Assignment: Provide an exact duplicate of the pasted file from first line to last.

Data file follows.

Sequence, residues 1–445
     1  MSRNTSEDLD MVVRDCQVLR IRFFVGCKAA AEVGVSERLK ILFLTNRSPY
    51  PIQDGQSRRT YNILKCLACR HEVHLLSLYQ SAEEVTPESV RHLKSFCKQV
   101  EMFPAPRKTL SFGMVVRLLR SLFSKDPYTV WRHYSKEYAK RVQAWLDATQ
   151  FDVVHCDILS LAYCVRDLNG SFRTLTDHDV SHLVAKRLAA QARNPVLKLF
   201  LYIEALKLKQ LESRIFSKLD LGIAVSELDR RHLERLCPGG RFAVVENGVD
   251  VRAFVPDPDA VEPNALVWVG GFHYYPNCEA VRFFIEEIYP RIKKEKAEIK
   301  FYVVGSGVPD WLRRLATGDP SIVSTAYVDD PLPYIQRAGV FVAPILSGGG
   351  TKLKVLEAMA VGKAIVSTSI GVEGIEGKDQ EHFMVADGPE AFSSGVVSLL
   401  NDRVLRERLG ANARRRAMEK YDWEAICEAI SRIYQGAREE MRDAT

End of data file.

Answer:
Sequence, residues 1–445
     1  MSRNTSEDLD MVVRDCQVLR IRFFVGCKAA AEVGVSERLK ILFLTNRSPY
    51  PIQDGQSRRT YNILKCLACR HEVHLLSLYQ SAEEVTPESV RHLKSFCKQV
   101  EMFPAPRKTL SFGMVVRLLR SLFSKDPYTV WRHYSKEYAK RVQAWLDATQ
   151  FDVVHCDILS LAYCVRDLNG SFRTLTDHDV SHLVAKRLAA QARNPVLKLF
   201  LYIEALKLKQ LESRIFSKLD LGIAVSELDR RHLERLCPGG RFAVVENGVD
   251  VRAFVPDPDA VEPNALVWVG GFHYYPNCEA VRFFIEEIYP RIKKEKAEIK
   301  FYVVGSGVPD WLRRLATGDP SIVSTAYVDD PLPYIQRAGV FVAPILSGGG
   351  TKLKVLEAMA VGKAIVSTSI GVEGIEGKDQ EHFMVADGPE AFSSGVVSLL
   401  NDRVLRERLG ANARRRAMEK YDWEAICEAI SRIYQGAREE MRDAT